AOL announced today that it has hired away Tim Armstrong, the head of Google’s sales organization, to become the company’s next chairman and chief executive. Armstrong, whose official title at Google was senior vice president of sales in North America and Latin America, has been credited by many with building the search giant’s Goliath online advertising business — and will now try to work the same magic at its faltering peer.
Armstrong will replace chief executive Randy Falco and president Ron Grant after a short transition period. The change is clearly motivated by AOL’s poor performance in recent months and years. Industry insiders and tech pundits alike have been calling for its leaders’ dismissal for a while. Not only does it continue to hemorrhage dial-up subscribers, but it has failed to gain traction in any other major sector of the internet as consumer preferences evolve. Its revenue fell 20 percent in 2008 to $4.2 billion, led by a 31 percent drop in its subscriber business, which has now dipped below $1 billion.
Few people realize that AOL — which saw the bulk of its success in the 1990s as an online access service — has its own fledgling internet search engine. Google (and Armstrong, for that matter) is no stranger to this division of the AOL organization. In 2005, it invested $1 billion in the company in exchange for a 5 percent stake and profit-sharing to help it serve search advertising. AOL’s addition of Armstrong will no doubt magnify focus on this segment of its business. His primary charge, as Reuters notes, will be to prepare AOL to spin out of parent company Time Warner, either to stand on its own or merge with a partner like Yahoo. A smarter advertising strategy will obviously be vital in both scenarios.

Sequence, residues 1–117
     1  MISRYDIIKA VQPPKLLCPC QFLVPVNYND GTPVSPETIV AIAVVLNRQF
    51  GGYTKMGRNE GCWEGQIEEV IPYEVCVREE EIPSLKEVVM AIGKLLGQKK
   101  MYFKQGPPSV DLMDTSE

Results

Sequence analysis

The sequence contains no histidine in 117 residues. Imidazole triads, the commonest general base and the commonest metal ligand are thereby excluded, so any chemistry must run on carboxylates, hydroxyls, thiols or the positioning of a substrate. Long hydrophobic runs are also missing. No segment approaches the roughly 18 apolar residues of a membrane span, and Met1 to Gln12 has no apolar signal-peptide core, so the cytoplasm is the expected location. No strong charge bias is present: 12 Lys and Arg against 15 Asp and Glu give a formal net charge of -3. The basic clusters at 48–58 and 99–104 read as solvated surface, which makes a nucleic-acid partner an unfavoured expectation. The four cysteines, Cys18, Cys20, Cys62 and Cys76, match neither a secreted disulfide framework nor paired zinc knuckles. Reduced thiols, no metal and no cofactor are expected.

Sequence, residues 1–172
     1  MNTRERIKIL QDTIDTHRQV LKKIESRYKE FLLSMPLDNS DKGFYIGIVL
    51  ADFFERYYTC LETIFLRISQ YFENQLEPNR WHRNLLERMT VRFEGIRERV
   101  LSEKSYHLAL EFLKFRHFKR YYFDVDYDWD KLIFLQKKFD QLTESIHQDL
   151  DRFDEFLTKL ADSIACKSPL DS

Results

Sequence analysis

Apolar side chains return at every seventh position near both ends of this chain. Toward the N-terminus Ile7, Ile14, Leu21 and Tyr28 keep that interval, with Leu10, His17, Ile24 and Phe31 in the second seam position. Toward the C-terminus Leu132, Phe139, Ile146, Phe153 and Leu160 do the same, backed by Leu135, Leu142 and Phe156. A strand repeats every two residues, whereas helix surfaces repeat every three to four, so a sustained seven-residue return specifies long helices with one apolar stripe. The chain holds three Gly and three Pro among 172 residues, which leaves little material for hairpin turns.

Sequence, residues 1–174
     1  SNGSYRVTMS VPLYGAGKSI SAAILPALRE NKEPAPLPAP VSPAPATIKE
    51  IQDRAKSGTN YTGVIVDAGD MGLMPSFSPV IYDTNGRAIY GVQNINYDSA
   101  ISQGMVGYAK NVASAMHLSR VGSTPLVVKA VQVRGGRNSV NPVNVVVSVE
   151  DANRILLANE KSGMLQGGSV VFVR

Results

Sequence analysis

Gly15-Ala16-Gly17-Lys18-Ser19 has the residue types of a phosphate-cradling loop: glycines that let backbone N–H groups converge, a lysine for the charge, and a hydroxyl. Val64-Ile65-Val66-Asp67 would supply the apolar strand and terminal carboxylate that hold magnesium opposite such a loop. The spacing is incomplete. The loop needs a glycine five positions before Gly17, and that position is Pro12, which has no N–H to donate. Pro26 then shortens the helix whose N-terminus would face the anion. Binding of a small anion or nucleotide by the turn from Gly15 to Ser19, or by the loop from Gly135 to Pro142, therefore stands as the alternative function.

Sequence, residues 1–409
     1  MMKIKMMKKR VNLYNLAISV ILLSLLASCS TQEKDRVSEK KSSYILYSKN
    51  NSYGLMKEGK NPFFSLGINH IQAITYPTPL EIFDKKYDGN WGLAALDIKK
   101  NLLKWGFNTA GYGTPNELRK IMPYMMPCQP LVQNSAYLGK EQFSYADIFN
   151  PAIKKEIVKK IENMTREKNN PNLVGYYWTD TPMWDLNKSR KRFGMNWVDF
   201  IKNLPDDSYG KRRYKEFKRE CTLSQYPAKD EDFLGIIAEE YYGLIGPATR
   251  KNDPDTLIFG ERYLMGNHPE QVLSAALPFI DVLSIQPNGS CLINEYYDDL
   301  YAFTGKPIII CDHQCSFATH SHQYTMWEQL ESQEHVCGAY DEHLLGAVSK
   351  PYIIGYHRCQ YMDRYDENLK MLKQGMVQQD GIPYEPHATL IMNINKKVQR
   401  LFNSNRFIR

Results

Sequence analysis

Incidentally, it was speculated that Armstrong was on Yahoo’s short list to replace departed chief executive Jerry Yang. But that was not to be. Armstrong’s tenure at Google stretches back to 2000. Before that, he held executive sales posts at Snowball.com, Starwave and ABC/ESPN Internet Ventures.
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